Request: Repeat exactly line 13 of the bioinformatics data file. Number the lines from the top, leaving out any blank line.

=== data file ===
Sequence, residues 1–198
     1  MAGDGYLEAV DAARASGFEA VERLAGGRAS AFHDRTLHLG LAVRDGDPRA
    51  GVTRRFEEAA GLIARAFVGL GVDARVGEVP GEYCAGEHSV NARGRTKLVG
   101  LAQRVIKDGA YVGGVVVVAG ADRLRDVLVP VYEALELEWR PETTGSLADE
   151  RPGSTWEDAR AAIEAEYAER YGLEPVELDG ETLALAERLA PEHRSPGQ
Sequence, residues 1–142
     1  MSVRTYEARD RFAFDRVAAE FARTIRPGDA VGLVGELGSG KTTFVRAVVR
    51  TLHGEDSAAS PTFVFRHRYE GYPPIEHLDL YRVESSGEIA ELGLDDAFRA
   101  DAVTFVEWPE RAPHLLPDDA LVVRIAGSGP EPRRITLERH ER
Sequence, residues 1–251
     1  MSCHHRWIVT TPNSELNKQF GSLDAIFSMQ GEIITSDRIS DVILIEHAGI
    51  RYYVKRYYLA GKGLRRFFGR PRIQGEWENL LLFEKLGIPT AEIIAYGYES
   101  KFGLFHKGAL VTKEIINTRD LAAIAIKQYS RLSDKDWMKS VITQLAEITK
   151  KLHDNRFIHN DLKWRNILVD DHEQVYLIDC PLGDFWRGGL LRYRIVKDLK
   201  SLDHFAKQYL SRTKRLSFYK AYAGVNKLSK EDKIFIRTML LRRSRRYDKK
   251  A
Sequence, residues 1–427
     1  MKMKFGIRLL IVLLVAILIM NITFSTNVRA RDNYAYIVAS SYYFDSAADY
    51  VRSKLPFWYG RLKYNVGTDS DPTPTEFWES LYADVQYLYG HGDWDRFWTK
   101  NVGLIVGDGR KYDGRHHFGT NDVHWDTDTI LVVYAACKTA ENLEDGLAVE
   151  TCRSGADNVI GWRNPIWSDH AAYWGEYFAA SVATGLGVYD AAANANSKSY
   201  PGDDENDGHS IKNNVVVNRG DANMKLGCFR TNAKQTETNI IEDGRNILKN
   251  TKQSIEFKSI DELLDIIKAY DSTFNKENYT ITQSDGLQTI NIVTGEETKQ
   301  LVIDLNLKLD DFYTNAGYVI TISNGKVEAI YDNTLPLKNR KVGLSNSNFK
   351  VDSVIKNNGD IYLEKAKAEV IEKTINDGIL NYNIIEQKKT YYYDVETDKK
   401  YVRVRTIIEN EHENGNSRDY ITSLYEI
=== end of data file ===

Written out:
   101  KFGLFHKGAL VTKEIINTRD LAAIAIKQYS RLSDKDWMKS VITQLAEITK